A Hat In Time Review. Though it’s not apparent at first, A Hat in Time has all the best ingredients of an N64-era 3D platformer. It’s cute and colorful with a wacky cast of characters; it offers a variety of collectibles to find on each level, some far easier to get than others; its worlds hide cheeky secrets and delightful details. While t he first of its four main worlds is disappointingly generic, once it opens up, A Hat in Time offers creative, charming areas that make it feel true to its beloved predecessors without getting stale.
A Hat in Time begins with you, a young girl and captain of your own spaceship, losing all the hourglass-like Time Pieces you need for fuel to get home. 40 of them cascade out your window (never mind that there’s a window in a spaceship) and scatter around a mysterious planet, meaning you have to venture down there to find them. Your first stop is Mafia Town. It’s a basic island level populated by identical, burly men who speak broken English, and the mafia theme is half-baked on top of that. But hopping through the seaside town, past “in cod we trust” graffitied on the walls, and using your special top hat’s objective-highlighting powers to find one of the missing Time Pieces is enough to get acquainted with everything–even the over-the-top voice acting, which you’ll probably mute as soon as you have a spare minute to flip through the settings.
You’d think time would be the game’s core conceit, but your hat is the star of the show. In addition to Time Pieces, each world also has balls of yarn for you to collect; once you have enough, you can knit a new hat with its own unique powers, like the ability to sprint or use short-range explosives. The yarn itself provides an incentive to explore, and in turn, each hat grants you access (or easier access) to new areas. For the most part, each world is separated into chapters with a Time Piece each, but the worlds themselves are open for you to explore so long as you have the right hats. If that wasn’t enough reason to look for all the secrets, you’ll also collect gems as you go that can be used to buy pins for your hats. Each pin gives you an extra buff, like magnetically attracting all pickups in your immediate vicinity, and they are definitely worth having in the later, trickier areas.
Once you have all that sorted out, you’ll have moved onto the next world, where A Hat in Time comes into its own. You start out in a movie studio, where an owl and a penguin are competing to win an award. The world’s chapters are split between their movie sets: half on the owl’s old-timey train and half in the penguin’s New Orleans-esque party town. You’re given a score based on the collectibles you get in each chapter, and the bird whose chapters you perform the best in is named the winner. It’s absolutely adorable and unexpected, and your reward for being a completionist and returning to the world later is a clever ending to an already interesting twist.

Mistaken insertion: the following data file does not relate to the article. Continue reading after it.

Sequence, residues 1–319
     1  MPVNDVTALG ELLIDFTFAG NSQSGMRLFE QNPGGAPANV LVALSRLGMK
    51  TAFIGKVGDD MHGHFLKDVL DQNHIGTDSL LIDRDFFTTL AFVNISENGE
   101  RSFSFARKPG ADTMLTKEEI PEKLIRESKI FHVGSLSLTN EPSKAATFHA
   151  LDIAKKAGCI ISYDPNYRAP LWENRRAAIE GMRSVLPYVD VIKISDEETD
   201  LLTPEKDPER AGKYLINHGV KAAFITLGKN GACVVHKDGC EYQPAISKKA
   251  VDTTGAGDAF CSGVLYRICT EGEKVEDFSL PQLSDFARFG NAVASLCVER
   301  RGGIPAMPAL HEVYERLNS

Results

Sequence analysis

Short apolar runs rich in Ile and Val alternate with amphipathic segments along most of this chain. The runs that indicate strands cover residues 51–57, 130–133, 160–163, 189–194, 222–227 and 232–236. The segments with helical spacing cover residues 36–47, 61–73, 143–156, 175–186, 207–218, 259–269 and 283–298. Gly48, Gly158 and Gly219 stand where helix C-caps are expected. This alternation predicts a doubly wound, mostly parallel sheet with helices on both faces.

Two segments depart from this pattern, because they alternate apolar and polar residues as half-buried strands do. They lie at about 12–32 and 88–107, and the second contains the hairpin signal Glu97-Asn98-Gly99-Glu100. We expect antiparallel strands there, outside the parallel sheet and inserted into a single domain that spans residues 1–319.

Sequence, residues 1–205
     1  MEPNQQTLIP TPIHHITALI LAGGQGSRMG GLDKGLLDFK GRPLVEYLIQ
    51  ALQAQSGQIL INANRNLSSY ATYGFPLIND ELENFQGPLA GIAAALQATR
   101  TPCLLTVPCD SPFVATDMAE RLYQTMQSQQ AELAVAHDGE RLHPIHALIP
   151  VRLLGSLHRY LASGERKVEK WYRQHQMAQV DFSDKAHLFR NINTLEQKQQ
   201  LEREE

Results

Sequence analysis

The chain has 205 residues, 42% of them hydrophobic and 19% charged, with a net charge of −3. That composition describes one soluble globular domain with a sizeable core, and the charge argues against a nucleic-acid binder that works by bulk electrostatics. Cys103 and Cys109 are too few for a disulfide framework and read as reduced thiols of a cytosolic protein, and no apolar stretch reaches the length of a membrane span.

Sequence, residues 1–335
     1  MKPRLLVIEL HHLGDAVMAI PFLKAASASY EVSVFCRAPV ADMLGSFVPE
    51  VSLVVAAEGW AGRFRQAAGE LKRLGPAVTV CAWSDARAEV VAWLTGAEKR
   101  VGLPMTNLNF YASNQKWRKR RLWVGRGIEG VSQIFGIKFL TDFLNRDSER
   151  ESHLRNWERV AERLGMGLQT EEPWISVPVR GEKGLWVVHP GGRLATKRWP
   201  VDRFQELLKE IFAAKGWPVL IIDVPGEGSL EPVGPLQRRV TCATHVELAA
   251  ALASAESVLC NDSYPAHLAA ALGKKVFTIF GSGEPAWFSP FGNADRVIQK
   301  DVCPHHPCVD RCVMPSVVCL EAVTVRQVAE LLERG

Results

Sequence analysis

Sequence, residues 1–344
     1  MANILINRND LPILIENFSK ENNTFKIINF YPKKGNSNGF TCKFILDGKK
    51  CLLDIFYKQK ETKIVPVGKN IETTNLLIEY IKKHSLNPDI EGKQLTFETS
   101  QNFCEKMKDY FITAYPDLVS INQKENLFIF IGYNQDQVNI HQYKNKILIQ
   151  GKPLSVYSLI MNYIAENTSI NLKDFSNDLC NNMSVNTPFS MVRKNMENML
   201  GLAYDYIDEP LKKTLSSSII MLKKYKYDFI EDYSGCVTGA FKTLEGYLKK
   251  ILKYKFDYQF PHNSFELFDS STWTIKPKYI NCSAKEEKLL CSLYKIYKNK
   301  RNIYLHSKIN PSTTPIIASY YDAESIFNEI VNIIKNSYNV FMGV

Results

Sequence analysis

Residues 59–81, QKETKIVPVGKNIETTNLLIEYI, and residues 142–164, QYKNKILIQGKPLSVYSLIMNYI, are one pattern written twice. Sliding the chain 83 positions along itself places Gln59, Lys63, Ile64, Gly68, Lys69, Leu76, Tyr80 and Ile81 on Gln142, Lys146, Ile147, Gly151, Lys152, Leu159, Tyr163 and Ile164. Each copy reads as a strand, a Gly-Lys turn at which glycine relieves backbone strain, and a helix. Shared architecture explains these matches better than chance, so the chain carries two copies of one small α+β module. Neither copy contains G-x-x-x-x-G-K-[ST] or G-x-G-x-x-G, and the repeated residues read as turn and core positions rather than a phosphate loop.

Each of the worlds in A Hat in Time unravel like this. You explore initially to get balls of yarn for new hats and gems for pins, but if you look hard enough, you’ll find more and more rewards. Sometimes it’s just a cute reference in a random book or a cheeky remark from an otherwise unimportant NPC. But there are also things you’ll have to work harder to find. Tricky platforming can lead to special collectibles called artifacts; you might find a crayon in one area and a box in another, and you have to arrange the full set in your spaceship. Once you combine them correctly, you unlock a special side level where you collect photographs that tell a story about the world. The complete photo albums are cute and flesh out the antagonists just a little bit, which is a treat after beating each of them in their boss fight. There are also bonus levels hidden in each area that take away all the side distractions and present you with clean platforming challenges (and beautiful, almost melancholic music).
While the platforming in A Hat in Time never gets terribly difficult, movement is smooth, and there are plenty of just-barely-made it moments that are simple but satisfying. Once you get the hookshot pin, you’ll be able to transition from the ground to a jump to swinging off a hook and back down to the ground seamlessly. Getting from place to place just feels good, and the challenge levels are legitimately fun places to show off the grace in movement you’ve developed. They are pure and fun and blend well with the more inventive landscapes you’re traversing for a 3D platforming homage that doesn’t feel by the numbers.